At 23, I had an epiphany about my identity: I am becoming a new person again and again.
It was my last year of college. Since I did not do any homework, I had an endless supply of free time on my hands to think about life. I had been in the same physical place on and off for the past six years, but Amherst still felt strange to me, an uncomfortable constant that was my closest thing to home. A lot had happened since I was 18, and my senior-self felt very detached from my first-year-self.
In between my years on campus, I went to Bible school, studied abroad, and travelled as much as I could. I found my faith and lost it and stumbled back again. I concluded upon my life’s purpose and questioned it. I embraced Asian culture and challenged it. I travelled because I did not want to waste the opportunity to do so and I travelled because I did not want to do anything else. I was passionate and judgmental, carefree and lonely, hopeful and entitled. Each year, I looked back and felt relieved: I am so glad I am not like that anymore.
At 25, I had another epiphany: I am the same person.
The “old” me and “new” me have different beliefs and goals, but they are the same person. At face value, who I was at 23 is completely different from who I was at 24, but remnants of past thoughts and experiences are still present memories within me. The convictions I maintained and aspirations I pursued continue to shape my values and ideas. I might not agree with my previously held opinions, but I would not interpret the world as I do now if I had never seen it from a different perspective.
When I graduated college, I wanted more than anything to live a wanderlustful life, but I also wanted more than anything to be loved. The latter desire was suppressed for years, tucked away under an attractive cloak of spontaneity, transatlantic flights, and faraway lands captured in photographs. I wanted both, and I chose between them. It was a long transition, but I grew to love my life as a wife and the freedom, power, and friendships I never knew I could have. I did not change into a new person; I uncovered roots of the same person I always was.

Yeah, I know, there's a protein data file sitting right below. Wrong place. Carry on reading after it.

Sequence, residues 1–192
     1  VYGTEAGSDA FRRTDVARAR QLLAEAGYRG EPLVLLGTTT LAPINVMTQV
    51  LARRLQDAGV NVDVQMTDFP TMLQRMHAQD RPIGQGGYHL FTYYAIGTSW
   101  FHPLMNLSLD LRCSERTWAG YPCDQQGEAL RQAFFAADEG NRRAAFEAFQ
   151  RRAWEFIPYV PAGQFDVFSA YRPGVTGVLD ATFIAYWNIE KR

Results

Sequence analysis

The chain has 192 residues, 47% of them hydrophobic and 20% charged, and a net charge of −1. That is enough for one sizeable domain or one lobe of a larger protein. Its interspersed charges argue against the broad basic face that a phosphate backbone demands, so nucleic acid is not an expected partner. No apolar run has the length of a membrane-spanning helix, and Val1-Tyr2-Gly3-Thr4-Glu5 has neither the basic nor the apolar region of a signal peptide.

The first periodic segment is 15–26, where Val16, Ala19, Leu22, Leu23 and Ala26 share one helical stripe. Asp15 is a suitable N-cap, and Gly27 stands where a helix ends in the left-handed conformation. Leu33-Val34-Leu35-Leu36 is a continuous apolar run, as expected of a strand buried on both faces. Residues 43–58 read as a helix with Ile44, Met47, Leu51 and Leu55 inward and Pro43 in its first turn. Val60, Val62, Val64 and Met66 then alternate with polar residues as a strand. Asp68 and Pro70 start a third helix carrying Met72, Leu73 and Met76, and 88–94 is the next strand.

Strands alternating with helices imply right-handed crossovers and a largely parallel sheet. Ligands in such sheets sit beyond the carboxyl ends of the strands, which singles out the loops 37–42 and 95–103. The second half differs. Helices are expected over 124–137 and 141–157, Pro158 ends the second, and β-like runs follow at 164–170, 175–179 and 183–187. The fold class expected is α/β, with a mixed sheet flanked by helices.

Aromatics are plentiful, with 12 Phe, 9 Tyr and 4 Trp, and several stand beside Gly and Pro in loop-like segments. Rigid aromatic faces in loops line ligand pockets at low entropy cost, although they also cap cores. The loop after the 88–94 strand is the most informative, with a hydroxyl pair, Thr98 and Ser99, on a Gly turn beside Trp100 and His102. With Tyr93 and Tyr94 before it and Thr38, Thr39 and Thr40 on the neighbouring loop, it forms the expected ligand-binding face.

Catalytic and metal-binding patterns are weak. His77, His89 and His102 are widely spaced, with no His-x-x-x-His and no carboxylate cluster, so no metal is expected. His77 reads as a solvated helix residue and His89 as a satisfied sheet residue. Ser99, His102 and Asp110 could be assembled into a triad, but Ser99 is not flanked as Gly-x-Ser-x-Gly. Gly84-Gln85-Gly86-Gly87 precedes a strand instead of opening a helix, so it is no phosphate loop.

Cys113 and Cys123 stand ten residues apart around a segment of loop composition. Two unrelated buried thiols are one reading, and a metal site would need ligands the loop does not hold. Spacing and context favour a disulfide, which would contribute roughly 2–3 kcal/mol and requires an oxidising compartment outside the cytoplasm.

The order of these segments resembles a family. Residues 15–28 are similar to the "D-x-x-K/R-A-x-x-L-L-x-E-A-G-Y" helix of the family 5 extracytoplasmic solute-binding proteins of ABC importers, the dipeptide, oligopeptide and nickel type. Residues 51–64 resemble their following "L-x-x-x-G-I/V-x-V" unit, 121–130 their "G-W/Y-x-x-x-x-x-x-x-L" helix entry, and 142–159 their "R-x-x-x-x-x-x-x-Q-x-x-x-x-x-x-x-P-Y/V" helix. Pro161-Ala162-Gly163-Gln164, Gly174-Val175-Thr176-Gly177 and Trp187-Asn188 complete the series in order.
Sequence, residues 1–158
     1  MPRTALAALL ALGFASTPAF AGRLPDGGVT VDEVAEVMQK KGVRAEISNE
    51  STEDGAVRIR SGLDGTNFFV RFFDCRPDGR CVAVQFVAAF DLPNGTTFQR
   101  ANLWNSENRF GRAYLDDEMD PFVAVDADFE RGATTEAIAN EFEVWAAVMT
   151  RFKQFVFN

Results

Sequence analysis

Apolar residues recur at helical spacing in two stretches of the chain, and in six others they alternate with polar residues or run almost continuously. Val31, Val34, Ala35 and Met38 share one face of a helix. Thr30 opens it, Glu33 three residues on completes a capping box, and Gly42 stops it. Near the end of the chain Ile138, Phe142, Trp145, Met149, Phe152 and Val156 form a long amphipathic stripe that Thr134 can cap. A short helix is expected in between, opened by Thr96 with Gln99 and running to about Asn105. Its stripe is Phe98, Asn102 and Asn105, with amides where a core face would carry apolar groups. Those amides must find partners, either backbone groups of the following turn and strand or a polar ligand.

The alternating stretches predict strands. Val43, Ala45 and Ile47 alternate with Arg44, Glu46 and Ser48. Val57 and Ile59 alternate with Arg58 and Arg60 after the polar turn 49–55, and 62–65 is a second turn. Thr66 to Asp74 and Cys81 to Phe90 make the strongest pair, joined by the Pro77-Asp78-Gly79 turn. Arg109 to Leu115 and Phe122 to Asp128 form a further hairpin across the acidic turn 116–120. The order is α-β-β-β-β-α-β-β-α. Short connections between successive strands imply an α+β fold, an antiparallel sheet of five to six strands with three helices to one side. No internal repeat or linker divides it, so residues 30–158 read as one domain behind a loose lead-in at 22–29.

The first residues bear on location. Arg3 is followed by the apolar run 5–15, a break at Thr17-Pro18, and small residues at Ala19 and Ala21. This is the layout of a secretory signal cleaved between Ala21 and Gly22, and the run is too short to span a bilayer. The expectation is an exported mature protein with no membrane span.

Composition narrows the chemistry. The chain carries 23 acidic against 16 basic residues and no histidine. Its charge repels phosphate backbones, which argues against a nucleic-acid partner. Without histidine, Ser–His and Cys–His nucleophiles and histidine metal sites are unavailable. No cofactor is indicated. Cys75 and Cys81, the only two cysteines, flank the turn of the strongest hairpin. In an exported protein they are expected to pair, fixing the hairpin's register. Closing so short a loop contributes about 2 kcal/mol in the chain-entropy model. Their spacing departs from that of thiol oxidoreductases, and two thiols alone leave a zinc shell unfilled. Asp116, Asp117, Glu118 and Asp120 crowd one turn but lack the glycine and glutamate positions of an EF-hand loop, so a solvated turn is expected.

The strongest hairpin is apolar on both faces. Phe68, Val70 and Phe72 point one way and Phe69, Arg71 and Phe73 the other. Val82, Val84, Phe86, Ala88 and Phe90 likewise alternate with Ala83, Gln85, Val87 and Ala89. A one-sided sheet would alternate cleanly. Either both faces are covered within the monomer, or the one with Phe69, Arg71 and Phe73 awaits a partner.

At 27, I understand more than ever: I am becoming new and I am the same.
As I grow older, I want different things out of life, but there is little change at the core of those desires. They are either hidden until the right time or reinvented time and time again. For example, my 9-year-old obsession with purple roll-on glitter sticks now takes the shape of wanting a nice peach shade of blush, but both stem from the same desire to feel beautiful, and accentuating my cheekbones is a great start.
On a more serious note, my dream of getting yoga certified was hidden until I learned to connect with myself. I did not know how much I had deceived myself until I began to take time and listen to myself, to sit with my emotions and acknowledge what they were telling me. I learned that the deepest longings of my heart are constant, but take on different forms as time goes on.
Pregnancy is the ultimate reality of becoming new while remaining the same.
At 35 weeks, my uterus has grown about 1,000 times its original size and my brain-cell volume has decreased. My body, mind, and emotions will continue to undergo drastic transformation through labor and postpartum, but I will still be 100% me.
At first, it was a big deal for me to consider stepping down from my role as primary breadwinner and be a stay-at-home mom. The prospect seemed foreign and unfulfilling and the antithesis of the successful life. Then I realized this is not an incongruous step I am taking, but completely in line with who I am and what I want. I never had to shift my priority from career to family.
I have always prioritized family over career.
Recalling the pattern of decisions I have made, I see how my profession was never number one. Instead of internships, I spent my undergrad summers volunteering at camp, in large part to work alongside my sister. Instead of trying to get ahead academically and professionally, I took two gap years from college and went to Bible school, the second year again to be with my sister. While we were both students, we spent nearly every school break traveling together and exploring the world.
Family has always been important to me, and I long to be surrounded by those I love. It is why my relationship with my mother continues to hurt, it is why I never want to cut ties with my step-dad, and it is why Noah applied to school in Denver in the first place — for us to be closer to his parents and two youngest siblings. It is why making the decision to support my husband by staying home and caring for our son is an easy one.
Twenty-three feels like a lifetime ago, and I anticipate feeling the same in several years when I reread blog posts and journal entries from my late twenties. I look back and feel very thankful: I am so glad for how much I have grown. I am every year I have ever lived and every person I have ever been, and I am becoming new and becoming myself all the time.
How do you view who you are in light of who you used to be and who you want to be?